Sexual attraction to members of the opposite sex is called heterosexuality.

The sex drive, or sexual desire, is an unlearned, powerful drive that human beings share with other animal species. Heterosexuals experience sexual desire for members of the opposite sex. This drive contrasts with those of homosexuals, where the object of sexual desire is a member of one's own sex.

Most researchers believe that children begin to notice physical differences between males and females by age two. As children grow, they learn about sex roles, gender identities, and sex differences through observation and through play. Children constantly observe their parents and other adults, including teachers and childcare providers, as well as the attitudes and behavior of their peers. Gender identity becomes established when a young boy both understands that he is a boy and thinks of himself as a boy. Gender identity becomes established when a young girl both understands that she is a girl and thinks of herself as a girl.

Although much research into underlying causes of sexual orientation has been done, little conclusive evidence has emerged about why one individual is heterosexual and another homosexual. Researchers have studied biological and genetic determinants, hormone levels, and environmental factors. Research shows that environmental and biological factors combine in the complex process of human development to establish sexual orientation. By adolescence, teenagers usually sense their dominant sexual preference. Although many people are curious about bisexual urges and fantasies, most people evolve into a preferred sexual orientation, heterosexual or homosexual, as they mature.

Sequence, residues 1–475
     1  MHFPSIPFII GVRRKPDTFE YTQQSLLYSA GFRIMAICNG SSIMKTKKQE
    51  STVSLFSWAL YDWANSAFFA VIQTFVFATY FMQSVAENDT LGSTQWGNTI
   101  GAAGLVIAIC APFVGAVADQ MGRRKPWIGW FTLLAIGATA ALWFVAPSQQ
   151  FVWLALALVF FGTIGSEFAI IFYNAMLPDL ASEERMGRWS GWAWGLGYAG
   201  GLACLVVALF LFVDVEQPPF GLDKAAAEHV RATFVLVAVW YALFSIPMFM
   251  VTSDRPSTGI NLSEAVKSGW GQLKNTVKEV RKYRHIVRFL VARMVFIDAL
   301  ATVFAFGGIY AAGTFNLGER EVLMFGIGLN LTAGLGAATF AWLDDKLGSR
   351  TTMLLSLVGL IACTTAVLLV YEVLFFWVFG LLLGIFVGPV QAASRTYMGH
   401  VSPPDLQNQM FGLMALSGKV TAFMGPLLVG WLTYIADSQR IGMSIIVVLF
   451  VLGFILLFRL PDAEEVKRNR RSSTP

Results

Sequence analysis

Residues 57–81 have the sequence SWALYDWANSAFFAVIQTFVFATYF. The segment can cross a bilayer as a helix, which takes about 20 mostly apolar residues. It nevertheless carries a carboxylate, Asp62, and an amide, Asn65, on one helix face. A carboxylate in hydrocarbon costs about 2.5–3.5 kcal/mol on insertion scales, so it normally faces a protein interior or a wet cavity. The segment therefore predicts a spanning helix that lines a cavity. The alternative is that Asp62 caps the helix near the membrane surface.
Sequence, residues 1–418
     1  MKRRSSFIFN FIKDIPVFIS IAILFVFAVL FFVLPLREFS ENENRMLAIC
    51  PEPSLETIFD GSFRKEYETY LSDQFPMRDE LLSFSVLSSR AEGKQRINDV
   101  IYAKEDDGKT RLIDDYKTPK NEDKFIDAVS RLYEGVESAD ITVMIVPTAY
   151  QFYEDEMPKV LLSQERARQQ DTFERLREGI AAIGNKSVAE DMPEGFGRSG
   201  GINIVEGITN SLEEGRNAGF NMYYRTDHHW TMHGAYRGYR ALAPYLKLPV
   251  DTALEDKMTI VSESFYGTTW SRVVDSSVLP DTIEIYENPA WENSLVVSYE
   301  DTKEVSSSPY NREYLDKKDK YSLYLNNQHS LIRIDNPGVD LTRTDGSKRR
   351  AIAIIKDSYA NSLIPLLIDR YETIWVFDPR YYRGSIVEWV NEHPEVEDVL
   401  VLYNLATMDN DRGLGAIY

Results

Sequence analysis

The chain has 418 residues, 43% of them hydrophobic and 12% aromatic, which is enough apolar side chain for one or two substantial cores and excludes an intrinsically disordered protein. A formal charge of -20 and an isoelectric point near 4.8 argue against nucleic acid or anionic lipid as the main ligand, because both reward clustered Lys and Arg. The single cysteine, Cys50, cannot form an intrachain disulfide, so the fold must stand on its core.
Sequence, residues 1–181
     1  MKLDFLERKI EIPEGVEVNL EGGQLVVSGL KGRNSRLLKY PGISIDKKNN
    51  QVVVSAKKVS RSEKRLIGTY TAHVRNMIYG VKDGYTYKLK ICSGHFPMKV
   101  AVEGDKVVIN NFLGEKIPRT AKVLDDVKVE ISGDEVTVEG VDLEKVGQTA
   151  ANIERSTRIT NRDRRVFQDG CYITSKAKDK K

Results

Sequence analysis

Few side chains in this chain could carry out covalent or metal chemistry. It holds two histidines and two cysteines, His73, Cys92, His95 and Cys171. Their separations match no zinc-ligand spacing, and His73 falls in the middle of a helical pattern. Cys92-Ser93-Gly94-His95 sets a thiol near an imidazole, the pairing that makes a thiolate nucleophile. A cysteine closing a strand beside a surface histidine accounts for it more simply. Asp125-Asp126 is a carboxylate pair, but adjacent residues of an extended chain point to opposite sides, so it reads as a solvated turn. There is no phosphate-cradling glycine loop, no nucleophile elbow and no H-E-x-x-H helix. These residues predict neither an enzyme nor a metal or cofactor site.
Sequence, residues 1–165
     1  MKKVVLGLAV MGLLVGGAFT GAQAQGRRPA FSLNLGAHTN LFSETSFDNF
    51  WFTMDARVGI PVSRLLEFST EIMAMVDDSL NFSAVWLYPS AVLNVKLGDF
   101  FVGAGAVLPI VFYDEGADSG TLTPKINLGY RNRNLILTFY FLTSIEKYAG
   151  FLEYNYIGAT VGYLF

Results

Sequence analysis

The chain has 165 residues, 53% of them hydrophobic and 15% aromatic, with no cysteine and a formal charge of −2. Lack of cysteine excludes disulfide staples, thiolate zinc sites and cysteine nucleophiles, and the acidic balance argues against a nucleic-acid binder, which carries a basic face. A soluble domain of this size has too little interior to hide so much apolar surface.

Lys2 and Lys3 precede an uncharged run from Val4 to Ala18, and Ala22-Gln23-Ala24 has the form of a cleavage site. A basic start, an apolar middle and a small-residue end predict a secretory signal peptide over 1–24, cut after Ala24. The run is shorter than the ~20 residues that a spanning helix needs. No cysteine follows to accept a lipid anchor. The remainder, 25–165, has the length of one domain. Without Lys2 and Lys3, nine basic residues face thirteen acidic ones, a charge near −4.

See also Bisexuality ; Sexual identity .



Beasley, Chris, et al. Heterosexuality in Theory and Practice. New York: Routledge, 2012.

Blank, Hanne. Straight: The Surprisingly Short History of Heterosexuality. Boston: Beacon Press, 2012.

Fisher, Seymour. Sexual Images of the Self: The Psychology of Erotic Sensations and Illusions. Hillsdale, NJ: Lawrence Erlbaum, 1989.

Johnson, Paul. Love, Heterosexuality, and Society. London: Routledge, 2012.


American Psychological Association. “Heterosexuality/ homosexuality: Dichotomy or Continuum.” http://www.apa.org/pubs/journals/special/2143101.aspx (accessed September 19, 2015).

National Institutes of Health. “Sexual Orientation and Human Development.” http://www.ncbi.nlm.nih.gov/pubmed/3689108 (accessed September 19, 2015).

PBS. “The Invention of Heterosexuality.” http://www.pbs.org/wgbh/pages/frontline/shows/assault/context/katzhistory.html (accessed September 19, 2015).